Culture, Child-Rearing and Child Development

Who gets to decide how to raise children and on what basis?

Written in collaboration with an international group of leading cross-cultural anthropologists and psychologists, these publications critically examine the reliance of psychological research on experimental data from middle-class Western populations, and the application of middle-class Western conceptions of child rearing to communities with diverse values. We call for including indigenous work and perspectives in social debates about parenting and in the development of policies about children’s rights, childcare, and education. We also point out the ethical problems raised by interventions in the caretaking practices of other cultures.

The cultural nature of attachment

Key results of that collaboration have been published in Heidi Keller and Kim A. Bard, eds., The Cultural Nature of AttachmentContextualizing Relationships and Development. Cambridge, MA: MIT Press, 2017. 

Winner of the 2018 Ursula Gielen Global Psychology Book Award. This award is given by the American Psychological Association to: “a book that makes the greatest contribution to psychology as an international discipline and profession, or more specifically, the degree to which the book adds to our understanding of global phenomena and problems from a psychological point of view.”

  • “Taking Culture Seriously: A Pluralistic Approach to Attachment.” Gilda A. Morelli, Nandita Chaudhary, Alma Gottlieb, Heidi Keller, Marjorie Murray, Naomi Quinn, Mariano Rosabal-Coto, Gabriel Scheidecker, Akira Takada, and Marga Vicedo. Heidi Keller and Kim A. Bard, eds. 2017. The Cultural Nature of Attachment. Cambridge, MA: MIT Press, pp. 139-170.

This chapter presents an alternative view to classic attachment theory and research. Bowlby and Ainsworth ignored criticisms from psychologists and anthropologists such as Margaret Mead who argued that different cultures raise children in different ways without the disastrous consequences attachment theorists predicted. In many cultures, fathers, siblings, grandparents, aunts, uncles, and even other community members may play a large role in taking care of infants and in providing the trusted relationships children need to grow up as emotionally healthy individuals. 

  • “Real-World Applications of Attachment Theory.” Mariano Rosabal-Coto, Naomi Quinn, Heidi Keller, Marga Vicedo, Nandita Chaudhary, Alma Gottlieb, Gabriel Scheidecker, Marjorie Murray, Akira Takada, and Gilda A. Morelli. In Heidi Keller and Kim A. Bard, eds. 2017. The Cultural Nature of AttachmentContextualizing Relationships and Development. Cambridge, MA: MIT Press, pp. 335-354.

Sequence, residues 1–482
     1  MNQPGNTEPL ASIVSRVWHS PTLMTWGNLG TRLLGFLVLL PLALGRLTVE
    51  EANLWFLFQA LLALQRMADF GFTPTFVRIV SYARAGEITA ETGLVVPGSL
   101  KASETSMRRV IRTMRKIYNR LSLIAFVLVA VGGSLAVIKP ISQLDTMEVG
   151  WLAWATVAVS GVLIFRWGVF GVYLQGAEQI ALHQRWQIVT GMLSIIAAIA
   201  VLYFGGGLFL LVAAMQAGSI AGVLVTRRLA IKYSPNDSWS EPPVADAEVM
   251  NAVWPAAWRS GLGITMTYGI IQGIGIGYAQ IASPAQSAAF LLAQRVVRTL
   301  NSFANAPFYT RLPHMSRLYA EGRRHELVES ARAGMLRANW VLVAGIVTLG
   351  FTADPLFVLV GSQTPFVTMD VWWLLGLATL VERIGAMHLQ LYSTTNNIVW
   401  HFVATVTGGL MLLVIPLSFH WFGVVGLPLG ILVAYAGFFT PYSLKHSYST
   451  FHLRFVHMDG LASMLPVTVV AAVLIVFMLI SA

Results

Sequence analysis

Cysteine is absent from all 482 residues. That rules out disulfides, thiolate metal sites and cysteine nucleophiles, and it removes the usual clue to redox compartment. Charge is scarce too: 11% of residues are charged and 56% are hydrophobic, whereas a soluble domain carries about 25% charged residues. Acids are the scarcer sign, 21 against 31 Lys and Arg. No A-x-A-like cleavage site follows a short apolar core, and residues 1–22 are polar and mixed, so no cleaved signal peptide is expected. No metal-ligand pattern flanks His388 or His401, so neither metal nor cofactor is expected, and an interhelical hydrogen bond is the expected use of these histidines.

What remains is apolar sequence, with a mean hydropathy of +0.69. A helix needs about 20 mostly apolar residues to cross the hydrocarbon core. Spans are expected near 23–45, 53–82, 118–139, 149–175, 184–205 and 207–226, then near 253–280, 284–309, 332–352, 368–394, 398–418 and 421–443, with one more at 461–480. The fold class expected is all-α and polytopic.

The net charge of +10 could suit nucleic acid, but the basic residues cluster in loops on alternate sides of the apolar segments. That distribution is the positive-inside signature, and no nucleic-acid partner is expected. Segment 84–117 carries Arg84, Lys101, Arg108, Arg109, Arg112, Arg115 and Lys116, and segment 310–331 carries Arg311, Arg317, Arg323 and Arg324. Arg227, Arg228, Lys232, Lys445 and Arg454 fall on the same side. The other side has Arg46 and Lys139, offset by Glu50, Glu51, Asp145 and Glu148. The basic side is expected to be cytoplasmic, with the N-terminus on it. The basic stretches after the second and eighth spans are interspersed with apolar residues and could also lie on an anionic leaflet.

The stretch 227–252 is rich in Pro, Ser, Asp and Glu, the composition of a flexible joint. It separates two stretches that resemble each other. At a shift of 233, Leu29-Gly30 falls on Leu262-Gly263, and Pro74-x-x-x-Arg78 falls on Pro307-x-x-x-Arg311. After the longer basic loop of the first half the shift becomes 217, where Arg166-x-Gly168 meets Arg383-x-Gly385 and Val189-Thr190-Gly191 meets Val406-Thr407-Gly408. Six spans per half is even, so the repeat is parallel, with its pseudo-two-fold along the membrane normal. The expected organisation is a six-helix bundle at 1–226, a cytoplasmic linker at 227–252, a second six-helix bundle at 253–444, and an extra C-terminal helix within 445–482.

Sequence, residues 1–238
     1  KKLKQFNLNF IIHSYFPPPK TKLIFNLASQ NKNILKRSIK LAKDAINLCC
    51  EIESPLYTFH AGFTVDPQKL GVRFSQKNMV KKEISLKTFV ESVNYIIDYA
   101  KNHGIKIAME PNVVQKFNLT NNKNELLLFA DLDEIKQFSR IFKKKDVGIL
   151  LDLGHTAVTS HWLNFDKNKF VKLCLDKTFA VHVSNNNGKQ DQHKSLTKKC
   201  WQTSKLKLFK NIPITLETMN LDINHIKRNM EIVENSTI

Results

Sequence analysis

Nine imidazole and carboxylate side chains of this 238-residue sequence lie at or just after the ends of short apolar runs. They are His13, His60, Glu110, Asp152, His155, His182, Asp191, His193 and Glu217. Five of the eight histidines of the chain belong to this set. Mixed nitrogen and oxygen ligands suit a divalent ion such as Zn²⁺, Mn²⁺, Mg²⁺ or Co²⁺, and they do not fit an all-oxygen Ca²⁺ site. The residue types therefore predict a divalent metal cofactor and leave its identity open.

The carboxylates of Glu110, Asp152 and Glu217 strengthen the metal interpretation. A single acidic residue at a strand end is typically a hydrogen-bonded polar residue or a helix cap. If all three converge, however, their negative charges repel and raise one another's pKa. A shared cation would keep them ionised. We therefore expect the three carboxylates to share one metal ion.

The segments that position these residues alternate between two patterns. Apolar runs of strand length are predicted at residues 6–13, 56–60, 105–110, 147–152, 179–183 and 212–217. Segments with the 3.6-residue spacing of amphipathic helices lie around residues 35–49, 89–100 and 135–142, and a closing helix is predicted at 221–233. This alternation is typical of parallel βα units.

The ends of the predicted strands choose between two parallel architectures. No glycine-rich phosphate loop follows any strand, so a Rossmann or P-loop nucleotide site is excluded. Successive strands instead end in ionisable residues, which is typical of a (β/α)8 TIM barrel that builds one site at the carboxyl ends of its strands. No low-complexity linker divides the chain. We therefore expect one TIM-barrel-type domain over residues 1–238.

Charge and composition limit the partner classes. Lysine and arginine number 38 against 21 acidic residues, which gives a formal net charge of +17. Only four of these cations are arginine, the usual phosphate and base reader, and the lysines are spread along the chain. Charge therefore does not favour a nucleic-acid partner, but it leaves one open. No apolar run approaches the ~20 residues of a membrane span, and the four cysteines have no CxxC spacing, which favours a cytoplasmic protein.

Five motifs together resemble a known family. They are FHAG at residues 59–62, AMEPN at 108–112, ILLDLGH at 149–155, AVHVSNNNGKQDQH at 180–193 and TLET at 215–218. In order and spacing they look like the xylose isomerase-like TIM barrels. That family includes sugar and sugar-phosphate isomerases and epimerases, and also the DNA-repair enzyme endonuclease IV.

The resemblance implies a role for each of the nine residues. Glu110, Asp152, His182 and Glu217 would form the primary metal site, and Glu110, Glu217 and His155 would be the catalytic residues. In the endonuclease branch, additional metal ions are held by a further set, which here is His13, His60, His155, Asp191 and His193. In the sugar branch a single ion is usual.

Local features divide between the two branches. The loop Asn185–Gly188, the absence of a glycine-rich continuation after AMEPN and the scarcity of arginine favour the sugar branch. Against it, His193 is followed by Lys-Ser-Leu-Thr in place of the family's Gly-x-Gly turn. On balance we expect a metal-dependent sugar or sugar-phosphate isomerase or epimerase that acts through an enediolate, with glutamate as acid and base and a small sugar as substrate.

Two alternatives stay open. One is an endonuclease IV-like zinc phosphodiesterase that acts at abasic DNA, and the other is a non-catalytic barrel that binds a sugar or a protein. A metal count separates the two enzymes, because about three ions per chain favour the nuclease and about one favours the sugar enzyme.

Attachment theory has its roots in an ethnocentric complex of ideas, longstanding in the United States, under the rubric of “intensive mothering.” Among these various approaches and programs, attachment theory has had an inordinate influence on a wide range of professions concerned with children (family therapy, education, the legal system, and public policy, the medical profession, etc.) inside and outside the United States. This chapter describes how attachment theory has been used as the basis for child-rearing manuals and has influenced programs and policies more directly, to form legal decisions that affect families, as well as to develop public policy and programs—all without requisite evidence to support such application and, more importantly, without regard to cultural context. It concludes with a call for researchers to become proactive in rectifying misuses of attachment theory and holds that doing so is a matter of social responsibility.

  • “Ethical Challenges of Parenting Interventions in Low- to Middle-Income Countries.’ Gilda Morelli, Naomi Quinn, Nandita Chaudhary, Marga Vicedo, Mariano Rosabal-Coto, Heidi Keller, Marjorie Murray, Alma Gottlieb, Gabriel Scheidecker, Akira Takada. Journal of Cross-Cultural Psychology 49 (1): 5-24, 2018
  • “The Myth of Universal Sensitive Responsiveness: Comment on Mesman et al. (2017).” Heidi Keller, Kim Bard, Gilda Morelli, Nandita Chaudhary, Marga Vicedo, Mariano Rosabal-Coto, Gabriel Scheidecker, Marjorie Murray, Alma Gottlieb. Child Development 89 (5): 1921-1928, 2018
  • “Bringing the Real World into Developmental Science: A Commentary on Weber, Fernald, & Diop (2017).” Gilda Morelli, Kim Bard, Nandita Chaudhary, Alma Gottlieb, Heidi Keller, Marjorie Murray, Naomi Quinn, Mariano Rosabal-Coto, Gabriel Scheidecker, Akira Takada, and Marga VicedoChild Development. 89 (6): e594-e603, 2018.

This article examines one of the parent intervention program — Reinforcement of Parental Practice — developed and implemented by the Senegal-based non-governmental organization Tostan. It argues that there are scientific and ethical problems with such intervention efforts in applied developmental science. Scientifically, these programs rely on data from a small and narrow sample of the world’s population; assume the existence of fixed developmental pathways; and pit scientific knowledge against indigenous knowledge. For example, this paper questions the critical role of talk as the main vehicle to provide the rich cognitive stimulation important to school success, and the critical role of primary caregivers as teachers of children’s verbal competency. In addition, these programs do not sufficiently explore how an intervention in one aspect of childcare will affect the community’s culturally organized patterns of childcare.